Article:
And Adrenaline seems a little plain. Maybe I'm just in an odd mood.

So that leaves Fire On Babylon and That's My Purse, and . . . surely Iraq has enough problems at the moment. Which gives us 244A That's My Purse, though process of elimination. Which is not where I thought this was going to end up, when I came up with the list of options, but there you go.


1 Not that she would necessarily have listened, of course. This was intensely personal for her. There's a really good article in The Atlantic about this, which is worth reading if you're interested in what O'Connor was getting at, and why, and why that specific image of the Pope instead of some other one, etc. The article might even be worth reading if you're not interested, as far as that goes.
And it kinda sounds like O'Connor had one of the better experiences with the Magdalene laundries: here's an article about some of that.
2 Well. It's hard to imagine anyone having serious problems with Yayoi Kusama or Dolly Parton. Though one should never underestimate the ability of people to find reasons to object to other people.

Monday, May 1, 2017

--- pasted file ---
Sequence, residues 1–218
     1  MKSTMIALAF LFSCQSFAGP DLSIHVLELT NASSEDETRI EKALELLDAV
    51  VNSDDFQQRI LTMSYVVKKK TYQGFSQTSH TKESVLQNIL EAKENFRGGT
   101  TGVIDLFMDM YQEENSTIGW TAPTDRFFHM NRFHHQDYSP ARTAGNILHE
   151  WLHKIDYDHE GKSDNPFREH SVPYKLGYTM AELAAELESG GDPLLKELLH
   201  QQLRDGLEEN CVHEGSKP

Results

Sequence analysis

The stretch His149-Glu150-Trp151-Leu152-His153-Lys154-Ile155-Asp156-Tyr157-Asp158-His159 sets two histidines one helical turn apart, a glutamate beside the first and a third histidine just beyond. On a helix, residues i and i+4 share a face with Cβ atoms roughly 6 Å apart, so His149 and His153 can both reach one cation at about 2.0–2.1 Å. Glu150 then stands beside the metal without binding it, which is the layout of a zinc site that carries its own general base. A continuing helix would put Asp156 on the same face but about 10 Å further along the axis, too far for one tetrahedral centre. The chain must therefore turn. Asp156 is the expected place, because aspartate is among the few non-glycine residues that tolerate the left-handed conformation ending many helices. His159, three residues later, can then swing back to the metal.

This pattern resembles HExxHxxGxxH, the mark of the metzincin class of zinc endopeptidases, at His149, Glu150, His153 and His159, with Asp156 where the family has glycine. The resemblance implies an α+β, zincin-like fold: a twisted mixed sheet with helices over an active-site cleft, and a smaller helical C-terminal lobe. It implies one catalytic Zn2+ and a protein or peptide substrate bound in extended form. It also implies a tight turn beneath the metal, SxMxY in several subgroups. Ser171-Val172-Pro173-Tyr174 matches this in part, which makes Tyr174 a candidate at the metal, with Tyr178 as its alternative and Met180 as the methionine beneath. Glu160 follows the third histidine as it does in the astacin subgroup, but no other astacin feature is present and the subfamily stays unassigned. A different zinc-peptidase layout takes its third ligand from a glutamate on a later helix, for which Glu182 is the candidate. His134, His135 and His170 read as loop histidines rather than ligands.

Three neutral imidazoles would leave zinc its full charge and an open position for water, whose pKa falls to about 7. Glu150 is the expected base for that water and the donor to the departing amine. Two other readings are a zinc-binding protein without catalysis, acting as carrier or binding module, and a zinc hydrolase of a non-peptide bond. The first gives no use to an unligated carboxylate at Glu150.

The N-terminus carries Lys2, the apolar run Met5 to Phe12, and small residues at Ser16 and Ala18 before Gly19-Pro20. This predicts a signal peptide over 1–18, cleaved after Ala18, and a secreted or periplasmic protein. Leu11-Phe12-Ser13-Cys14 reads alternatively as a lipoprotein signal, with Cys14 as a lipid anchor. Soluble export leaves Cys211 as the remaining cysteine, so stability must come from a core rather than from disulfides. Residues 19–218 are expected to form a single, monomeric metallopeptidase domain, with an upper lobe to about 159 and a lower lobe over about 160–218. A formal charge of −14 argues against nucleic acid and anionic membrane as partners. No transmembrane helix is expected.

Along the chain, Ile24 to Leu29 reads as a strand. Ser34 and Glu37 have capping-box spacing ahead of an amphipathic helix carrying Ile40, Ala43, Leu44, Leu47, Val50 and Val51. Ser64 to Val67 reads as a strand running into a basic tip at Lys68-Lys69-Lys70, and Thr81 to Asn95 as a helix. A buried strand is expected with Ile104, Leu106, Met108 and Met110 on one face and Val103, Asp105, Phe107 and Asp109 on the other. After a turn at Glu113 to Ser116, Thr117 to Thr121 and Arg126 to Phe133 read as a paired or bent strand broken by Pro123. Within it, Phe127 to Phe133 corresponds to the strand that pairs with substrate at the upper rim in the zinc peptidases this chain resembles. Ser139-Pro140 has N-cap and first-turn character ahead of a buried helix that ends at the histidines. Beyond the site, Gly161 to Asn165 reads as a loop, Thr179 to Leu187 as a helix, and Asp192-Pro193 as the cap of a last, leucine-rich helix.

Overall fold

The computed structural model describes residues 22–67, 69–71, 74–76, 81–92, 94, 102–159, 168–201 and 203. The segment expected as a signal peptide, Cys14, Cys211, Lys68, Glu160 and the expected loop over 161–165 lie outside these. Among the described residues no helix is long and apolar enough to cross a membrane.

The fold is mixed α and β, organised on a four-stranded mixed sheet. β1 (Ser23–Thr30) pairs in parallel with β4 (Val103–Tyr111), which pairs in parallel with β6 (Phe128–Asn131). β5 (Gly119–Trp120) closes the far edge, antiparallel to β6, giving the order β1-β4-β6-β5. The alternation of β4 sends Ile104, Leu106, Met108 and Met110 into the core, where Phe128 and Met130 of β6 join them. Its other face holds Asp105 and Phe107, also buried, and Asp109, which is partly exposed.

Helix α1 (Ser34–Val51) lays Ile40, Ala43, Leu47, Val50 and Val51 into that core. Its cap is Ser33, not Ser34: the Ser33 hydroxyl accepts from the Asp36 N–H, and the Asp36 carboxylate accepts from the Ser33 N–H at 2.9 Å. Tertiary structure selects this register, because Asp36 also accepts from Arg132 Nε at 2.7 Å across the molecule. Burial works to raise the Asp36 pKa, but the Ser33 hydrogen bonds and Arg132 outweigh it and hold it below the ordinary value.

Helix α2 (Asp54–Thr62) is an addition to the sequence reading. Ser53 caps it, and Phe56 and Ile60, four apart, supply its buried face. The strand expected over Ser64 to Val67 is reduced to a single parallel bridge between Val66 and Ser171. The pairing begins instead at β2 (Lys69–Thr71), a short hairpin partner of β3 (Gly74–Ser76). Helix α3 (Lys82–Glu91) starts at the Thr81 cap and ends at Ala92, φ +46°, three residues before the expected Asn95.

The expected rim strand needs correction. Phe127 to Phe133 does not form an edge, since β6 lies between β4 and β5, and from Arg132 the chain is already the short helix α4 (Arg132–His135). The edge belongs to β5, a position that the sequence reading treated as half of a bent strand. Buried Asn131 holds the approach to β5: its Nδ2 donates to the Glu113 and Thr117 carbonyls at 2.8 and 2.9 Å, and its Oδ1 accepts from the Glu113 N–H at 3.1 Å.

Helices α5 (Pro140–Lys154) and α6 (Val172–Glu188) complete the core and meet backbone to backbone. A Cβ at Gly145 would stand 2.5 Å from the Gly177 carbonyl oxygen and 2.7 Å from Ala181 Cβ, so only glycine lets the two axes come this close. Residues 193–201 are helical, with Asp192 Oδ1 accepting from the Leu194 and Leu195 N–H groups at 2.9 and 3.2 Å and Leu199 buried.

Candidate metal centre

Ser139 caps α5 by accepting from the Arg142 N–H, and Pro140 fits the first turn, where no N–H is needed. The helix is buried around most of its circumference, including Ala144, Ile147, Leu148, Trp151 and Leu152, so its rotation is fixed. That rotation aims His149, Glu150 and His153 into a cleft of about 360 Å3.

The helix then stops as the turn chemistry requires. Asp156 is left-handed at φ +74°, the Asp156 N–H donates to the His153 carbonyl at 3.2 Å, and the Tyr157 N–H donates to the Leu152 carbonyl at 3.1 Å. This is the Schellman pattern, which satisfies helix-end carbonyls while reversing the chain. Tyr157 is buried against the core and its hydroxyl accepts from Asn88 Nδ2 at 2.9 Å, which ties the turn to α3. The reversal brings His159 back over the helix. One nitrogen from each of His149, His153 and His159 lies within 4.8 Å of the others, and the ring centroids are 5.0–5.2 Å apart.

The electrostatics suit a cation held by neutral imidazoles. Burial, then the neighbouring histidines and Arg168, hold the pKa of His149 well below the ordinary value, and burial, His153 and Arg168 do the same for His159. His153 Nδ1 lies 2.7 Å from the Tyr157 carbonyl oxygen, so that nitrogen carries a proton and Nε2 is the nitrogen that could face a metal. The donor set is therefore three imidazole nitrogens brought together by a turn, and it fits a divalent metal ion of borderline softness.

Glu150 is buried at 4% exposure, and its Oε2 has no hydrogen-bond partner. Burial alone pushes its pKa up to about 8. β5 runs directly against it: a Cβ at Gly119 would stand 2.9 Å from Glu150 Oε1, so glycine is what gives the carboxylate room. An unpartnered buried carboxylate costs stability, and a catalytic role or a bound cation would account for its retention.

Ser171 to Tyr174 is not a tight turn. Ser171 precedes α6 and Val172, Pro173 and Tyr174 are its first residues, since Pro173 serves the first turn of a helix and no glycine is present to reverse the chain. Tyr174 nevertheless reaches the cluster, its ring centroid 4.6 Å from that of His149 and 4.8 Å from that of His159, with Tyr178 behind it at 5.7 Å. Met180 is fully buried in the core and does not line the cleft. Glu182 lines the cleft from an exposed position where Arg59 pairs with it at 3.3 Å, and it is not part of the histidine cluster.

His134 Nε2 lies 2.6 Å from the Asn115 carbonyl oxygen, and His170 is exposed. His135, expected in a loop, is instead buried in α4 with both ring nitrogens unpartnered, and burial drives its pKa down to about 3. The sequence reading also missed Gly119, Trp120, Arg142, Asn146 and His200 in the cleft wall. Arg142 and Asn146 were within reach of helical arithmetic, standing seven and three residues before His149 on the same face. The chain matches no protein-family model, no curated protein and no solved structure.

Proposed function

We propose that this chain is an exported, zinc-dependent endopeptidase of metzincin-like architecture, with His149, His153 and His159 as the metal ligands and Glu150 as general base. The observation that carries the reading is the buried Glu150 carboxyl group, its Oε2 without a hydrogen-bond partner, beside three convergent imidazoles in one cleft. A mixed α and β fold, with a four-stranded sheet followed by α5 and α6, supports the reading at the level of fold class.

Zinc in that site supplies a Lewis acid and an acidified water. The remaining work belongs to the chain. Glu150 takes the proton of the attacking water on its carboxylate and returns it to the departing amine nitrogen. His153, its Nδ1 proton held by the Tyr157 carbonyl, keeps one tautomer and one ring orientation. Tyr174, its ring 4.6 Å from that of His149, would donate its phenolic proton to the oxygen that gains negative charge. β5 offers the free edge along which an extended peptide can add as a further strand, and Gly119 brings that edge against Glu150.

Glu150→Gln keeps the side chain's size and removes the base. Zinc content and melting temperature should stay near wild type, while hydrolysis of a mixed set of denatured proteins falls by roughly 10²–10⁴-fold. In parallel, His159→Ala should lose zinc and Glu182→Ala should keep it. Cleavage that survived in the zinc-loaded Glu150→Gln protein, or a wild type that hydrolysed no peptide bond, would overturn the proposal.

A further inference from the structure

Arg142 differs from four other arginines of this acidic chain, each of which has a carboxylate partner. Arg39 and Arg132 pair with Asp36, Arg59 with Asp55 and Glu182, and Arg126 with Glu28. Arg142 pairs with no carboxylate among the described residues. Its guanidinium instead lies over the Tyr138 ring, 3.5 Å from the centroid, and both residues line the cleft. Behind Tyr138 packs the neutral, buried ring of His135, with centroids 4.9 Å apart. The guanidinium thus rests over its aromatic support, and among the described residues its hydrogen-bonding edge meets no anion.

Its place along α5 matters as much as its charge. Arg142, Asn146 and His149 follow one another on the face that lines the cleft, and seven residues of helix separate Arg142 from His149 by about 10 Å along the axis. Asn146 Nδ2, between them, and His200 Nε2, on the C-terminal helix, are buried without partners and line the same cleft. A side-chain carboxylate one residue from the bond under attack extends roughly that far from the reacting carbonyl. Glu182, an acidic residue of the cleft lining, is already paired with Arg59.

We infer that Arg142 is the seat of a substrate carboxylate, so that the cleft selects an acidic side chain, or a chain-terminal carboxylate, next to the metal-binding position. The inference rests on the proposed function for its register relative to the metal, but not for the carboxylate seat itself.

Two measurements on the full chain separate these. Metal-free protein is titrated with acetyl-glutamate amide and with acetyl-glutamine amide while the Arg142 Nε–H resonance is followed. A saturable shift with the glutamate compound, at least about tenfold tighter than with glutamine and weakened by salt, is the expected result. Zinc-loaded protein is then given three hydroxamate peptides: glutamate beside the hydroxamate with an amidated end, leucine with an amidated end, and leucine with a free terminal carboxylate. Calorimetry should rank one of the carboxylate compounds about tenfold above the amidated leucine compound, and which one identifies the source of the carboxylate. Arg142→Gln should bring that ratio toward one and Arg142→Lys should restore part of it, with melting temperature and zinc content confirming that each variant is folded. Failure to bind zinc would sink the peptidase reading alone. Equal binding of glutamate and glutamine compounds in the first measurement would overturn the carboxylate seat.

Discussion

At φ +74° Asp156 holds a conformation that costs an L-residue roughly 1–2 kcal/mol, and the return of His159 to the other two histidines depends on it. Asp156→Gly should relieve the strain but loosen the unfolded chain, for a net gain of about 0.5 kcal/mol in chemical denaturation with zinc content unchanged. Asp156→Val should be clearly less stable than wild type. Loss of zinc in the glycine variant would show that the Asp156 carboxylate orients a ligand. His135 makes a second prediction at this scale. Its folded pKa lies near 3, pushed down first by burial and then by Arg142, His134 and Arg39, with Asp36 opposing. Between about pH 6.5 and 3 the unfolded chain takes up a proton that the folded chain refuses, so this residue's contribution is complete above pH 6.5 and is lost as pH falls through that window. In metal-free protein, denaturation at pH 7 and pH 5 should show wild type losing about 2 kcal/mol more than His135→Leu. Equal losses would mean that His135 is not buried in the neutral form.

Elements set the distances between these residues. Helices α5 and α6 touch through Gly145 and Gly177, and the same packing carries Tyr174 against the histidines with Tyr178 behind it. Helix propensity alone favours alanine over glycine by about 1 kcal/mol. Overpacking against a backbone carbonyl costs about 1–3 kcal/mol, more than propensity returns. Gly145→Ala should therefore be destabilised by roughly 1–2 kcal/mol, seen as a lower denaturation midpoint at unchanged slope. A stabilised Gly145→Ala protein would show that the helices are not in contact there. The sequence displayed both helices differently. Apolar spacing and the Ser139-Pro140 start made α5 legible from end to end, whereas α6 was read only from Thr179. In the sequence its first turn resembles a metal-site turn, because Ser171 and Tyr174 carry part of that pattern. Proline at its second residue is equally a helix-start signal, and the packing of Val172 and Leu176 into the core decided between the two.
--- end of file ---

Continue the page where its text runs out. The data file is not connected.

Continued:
Germinating Clivia seeds

This is the process to which I referred in last Saturday's post, the one that got me ~91% germination on a batch of gift seeds. (This is the last day to request your own Clivia seeds.) It works a lot better than the process I used on my Clivia seeds in 2013.

You will need: ripe Clivia fruits, a germination container, vermiculite, vinegar, a pot in which to boil water, a bowl, paper towels, a warm but not hot surface on which to set your container.

(EDITED to add photos, 4 May 2017)

1. Get ripe fruit that contains seeds. I'm not actually super clear on how you know when a fruit is ripe, but I figured it out in 2013 so I'm going to assume it's pretty obvious.

2. Boil some water. (Tap water is fine; softened tap water is not.) This is mostly for your germination medium, so how much water you need depends on how many seeds you're starting, but, you know, it's just water, and it's about as easy to boil a lot as it is to boil a little. Once that's done, cover it, set it aside to cool, and hope that it will be cooled down enough to use by the time you get to step 6.